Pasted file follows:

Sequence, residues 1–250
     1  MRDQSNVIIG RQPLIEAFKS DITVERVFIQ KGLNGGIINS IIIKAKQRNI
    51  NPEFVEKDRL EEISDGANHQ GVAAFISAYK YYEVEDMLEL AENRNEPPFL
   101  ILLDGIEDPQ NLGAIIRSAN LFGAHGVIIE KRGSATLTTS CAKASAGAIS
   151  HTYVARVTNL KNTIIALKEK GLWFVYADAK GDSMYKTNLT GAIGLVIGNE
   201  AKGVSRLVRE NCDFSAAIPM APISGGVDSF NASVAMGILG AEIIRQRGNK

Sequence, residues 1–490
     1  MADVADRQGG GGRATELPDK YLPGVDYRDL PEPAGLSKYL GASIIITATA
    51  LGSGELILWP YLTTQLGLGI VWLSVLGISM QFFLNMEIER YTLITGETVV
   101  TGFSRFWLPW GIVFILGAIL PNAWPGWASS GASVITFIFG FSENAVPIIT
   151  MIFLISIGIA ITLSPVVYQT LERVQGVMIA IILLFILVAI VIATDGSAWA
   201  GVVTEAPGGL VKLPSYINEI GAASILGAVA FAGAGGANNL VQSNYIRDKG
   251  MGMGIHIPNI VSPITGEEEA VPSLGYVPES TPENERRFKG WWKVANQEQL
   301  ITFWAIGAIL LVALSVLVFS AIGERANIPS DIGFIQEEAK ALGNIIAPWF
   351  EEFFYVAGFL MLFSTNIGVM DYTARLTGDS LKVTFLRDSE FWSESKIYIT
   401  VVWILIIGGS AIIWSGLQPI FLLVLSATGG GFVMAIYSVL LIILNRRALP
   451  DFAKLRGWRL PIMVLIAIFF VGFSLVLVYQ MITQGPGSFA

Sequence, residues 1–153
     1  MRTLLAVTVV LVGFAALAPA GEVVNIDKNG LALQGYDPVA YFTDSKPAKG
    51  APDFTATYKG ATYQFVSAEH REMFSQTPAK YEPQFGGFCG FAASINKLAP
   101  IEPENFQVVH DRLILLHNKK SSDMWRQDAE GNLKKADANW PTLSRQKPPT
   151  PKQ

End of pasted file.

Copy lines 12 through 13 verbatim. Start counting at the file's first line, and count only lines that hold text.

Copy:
   201  GVVTEAPGGL VKLPSYINEI GAASILGAVA FAGAGGANNL VQSNYIRDKG
   251  MGMGIHIPNI VSPITGEEEA VPSLGYVPES TPENERRFKG WWKVANQEQL